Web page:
FIG. 3.
Putative nitroreductases of G. lamblia and E. histolytica. (A) Alignment of two hypothetical ferredoxin-nitroreductase fusion enzymes of G. lamblia (Gl1 and Gl2) with those of E. histolytica (Eh), Clostridium difficile (Cd) (incomplete microbial genome ...

Putative G. lamblia and E. histolytica 6-kDa ferredoxins, ferredoxin-nitroreductase, and oxygen-insensitive nitroreductase provide tentative evidence for lateral gene transfer from prokaryotes

One predicted G. lamblia 6-kDa ferredoxin (Fd1), which was 59 amino acids long, matched the N-terminal peptide sequence of the purified ferredoxin (86). Two other predicted G. lamblia 2[4Fe-4S]ferredoxins, Fd2 and Fd3, which were 59 and 72 amino acids long, respectively, were new (Fig. (Fig.2B).2B). G. lamblia Fd3 contained two conserved sequences (CxxCxxCxxxCP) which form ligands with 2[4Fe-4S] iron-sulfur centers (pFam00037) (11, 17). In contrast, an Ala is substituted for the second Cys in the N-terminal iron-sulfur center of G. lamblia Fd1, a His is substituted for Pro in the C-terminal iron-sulfur center of G. lamblia Fd2, and a Thr is substituted for Cys in the C-terminal iron-sulfur center of E. histolytica Fd2. These ferredoxins likely contain one [4Fe-4S] iron-sulfur center and one [3Fe-4S] iron-sulfur center, as previously suggested for Fd1 (11, 86). Besides the Cys residues, there was limited amino acid conservation in other positions of the protist 6-kDa ferredoxins. Phylogenetic trees, which included 5 protist ferredoxins, 15 eubacterial ferredoxins, and 23 archaeal 2[4Fe-4S]ferredoxins, were star shaped and contained no nodes with significant bootstrap support (data not shown) (25, 27).

Ferredoxin-nitroreductase fusion proteins, which have an N-terminal 2[4Fe-4S]ferredoxin domain and a C-terminal nitroreductase domain, have been predicted from the whole genome sequence of Clostridium acetobutylicum (11, 44, 62). The G. lamblia sequence contained two genes that encoded putative ferredoxin-nitroreductases (Fd-NR1 and Fd-NR2), which were 278 and 265 amino acids long, respectively, while an E. histolytica shotgun sequence encoded a partial ferredoxin-nitroreductase, which was missing its C terminus (Fig. (Fig.3A).3A). The protist ferredoxin-nitroreductases each had a conserved 2[4Fe-4S] iron-sulfur center at the N terminus, which was followed by a C-terminal nitroreductase domain (pFam00881) (3, 11, 17, 44). Phylogenetic trees, which included three protist and seven eubacterial ferredoxin-nitroreductases, were star shaped and contained few nodes with significant bootstrap support (data not shown) (25, 27).

Oxygen-insensitive nitroreductases, which lack a ferredoxin domain, are present in archaea and eubacteria (30, 41, 44, 94). H. pylori and E. coli nitroreductases reduce and activate nitro groups of metronidazole and furazolidone, respectively, so that H. pylori and E. coli mutants lacking nitroreductase activity are resistant to each drug (30, 44, 94). When the G. lamblia and E. histolytica shotgun sequences were searched with TBLASTN and an H. pylori nitroreductase sequence, a G. lamblia gene encoding a putative nitroreductase was predicted, while no nitroreductase was identified in E. histolytica (3, 30). The G. lamblia nitroreductase was 176 amino acids long and contained a conserved nitroreductase domain (pFam00881), which was like that present in the G. lamblia ferredoxin-nitroreductase described above (Fig. (Fig.3B)3B) (42). In BLASTP searches, only three eubacterial sequences and one archaeal sequence showed significant homology to the giardial nitroreductase, and the greatest similarity was found with a C. acetobutylicum sequence (3, 62).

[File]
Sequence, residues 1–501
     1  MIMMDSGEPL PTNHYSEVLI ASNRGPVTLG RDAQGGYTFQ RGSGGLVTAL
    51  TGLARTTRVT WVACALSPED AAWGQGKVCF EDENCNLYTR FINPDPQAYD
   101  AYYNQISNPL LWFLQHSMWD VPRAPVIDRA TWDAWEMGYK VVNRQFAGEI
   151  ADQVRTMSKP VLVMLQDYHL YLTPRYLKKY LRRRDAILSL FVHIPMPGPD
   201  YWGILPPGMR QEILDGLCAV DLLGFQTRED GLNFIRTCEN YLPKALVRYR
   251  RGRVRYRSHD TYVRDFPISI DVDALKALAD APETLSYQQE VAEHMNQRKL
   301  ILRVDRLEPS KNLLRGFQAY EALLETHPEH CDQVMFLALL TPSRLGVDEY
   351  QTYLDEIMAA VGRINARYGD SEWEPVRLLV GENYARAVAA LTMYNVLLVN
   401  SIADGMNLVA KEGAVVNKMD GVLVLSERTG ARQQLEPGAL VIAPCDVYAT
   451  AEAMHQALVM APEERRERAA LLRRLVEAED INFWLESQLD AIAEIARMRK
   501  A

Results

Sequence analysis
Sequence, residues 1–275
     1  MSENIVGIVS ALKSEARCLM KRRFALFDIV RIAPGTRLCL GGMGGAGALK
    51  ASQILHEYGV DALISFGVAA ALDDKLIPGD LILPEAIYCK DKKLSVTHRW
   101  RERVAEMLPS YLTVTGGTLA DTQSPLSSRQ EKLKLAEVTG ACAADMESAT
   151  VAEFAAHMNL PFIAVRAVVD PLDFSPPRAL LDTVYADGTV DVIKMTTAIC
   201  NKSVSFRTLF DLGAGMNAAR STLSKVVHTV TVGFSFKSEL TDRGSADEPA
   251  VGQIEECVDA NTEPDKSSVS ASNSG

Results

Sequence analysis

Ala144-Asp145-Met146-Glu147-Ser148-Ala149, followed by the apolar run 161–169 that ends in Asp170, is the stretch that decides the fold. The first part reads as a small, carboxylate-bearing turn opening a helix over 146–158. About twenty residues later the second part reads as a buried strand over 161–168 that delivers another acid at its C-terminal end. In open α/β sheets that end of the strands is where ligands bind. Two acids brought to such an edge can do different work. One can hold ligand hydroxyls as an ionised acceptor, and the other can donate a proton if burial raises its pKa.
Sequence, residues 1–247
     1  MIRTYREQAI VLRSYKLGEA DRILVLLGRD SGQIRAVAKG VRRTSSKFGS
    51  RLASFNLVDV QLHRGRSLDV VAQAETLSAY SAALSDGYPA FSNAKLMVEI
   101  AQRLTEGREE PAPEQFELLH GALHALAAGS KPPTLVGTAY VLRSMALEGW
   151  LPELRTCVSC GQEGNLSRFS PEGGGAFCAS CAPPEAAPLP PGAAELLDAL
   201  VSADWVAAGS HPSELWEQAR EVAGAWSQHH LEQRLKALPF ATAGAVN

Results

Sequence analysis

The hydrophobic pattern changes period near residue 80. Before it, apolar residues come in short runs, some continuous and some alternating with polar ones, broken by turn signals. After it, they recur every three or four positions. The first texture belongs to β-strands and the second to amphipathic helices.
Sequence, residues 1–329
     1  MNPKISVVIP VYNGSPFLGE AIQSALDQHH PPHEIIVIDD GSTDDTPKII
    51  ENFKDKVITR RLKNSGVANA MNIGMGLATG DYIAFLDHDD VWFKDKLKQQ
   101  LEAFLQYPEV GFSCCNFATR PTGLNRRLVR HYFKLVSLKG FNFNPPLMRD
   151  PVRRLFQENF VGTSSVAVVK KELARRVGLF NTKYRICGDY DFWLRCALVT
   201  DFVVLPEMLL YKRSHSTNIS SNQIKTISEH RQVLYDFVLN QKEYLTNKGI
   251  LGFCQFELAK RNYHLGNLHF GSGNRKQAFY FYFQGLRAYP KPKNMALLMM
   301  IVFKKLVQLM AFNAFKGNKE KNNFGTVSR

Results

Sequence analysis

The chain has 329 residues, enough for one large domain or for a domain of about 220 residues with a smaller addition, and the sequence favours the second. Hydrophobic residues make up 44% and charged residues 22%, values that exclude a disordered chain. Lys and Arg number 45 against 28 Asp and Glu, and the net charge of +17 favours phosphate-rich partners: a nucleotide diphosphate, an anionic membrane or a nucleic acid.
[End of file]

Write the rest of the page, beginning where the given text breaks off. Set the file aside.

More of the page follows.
In summary, putative giardial and amebic 6-kDa ferredoxins, ferredoxin-nitroreductases, and oxygen-insensitive nitroreductases resemble each other and those of some anaerobic eubacteria and archaea. Because there were not enough sequences to perform meaningful phylogenetic analyses, only their common occurrence in giardia organisms, amebae, and a few anaerobic prokaryotes suggests the possibility of their lateral transfer (19-21, 26, 69). Because the 6-kDa ferredoxin and the ferredoxin-nitroreductase are absent from proteobacteria, it is likely that the giardial and amebic genes are not derived from the mitochondrial endosymbiont (hydrogen hypothesis) (31, 53, 71).

G. lamblia genes encoding putative NADH oxidase and ADH3 provide more robust support for lateral gene transfer.

Under microaerophilic conditions, giardia organisms oxidize NADH and reduce two protons to form NAD+ and water (8). NADH oxidases belong to a superfamily of pyridine nucleotide disulfide oxidoreductases (pFam00070) which also includes NADH peroxidase, glutamate synthase, and the dihydrolipoamide dehydrogenase component of pyruvate dehydrogenase E3, as well as reductases of glutathione, thioredoxin, trypanathione, nitrite, and mercuric ion (3, 32, 70, 84). When the G. lamblia and E. histolytica shotgun sequences were searched with an E. coli NADH oxidase by using TBLASTN, one gene was identified for each protist. The predicted G. lamblia NADH oxidase, which included the N-terminal peptide sequence from the purified protein, was 458 amino acids long, and the predicted E. histolytica NADH oxidase was 447 amino acids long (8). Distance-based phylogenetic analyses strongly suggested that the G. lamblia NADH oxidase gene shared common ancestry with genes of gram-positive anaerobes, including Lactococcus and Enterococcus spp. (Fig. (Fig.4).4). In contrast, the E. histolytica NADH oxidase gene appeared to share common ancestry with genes of Thermotoga maritima and Microscilla spp.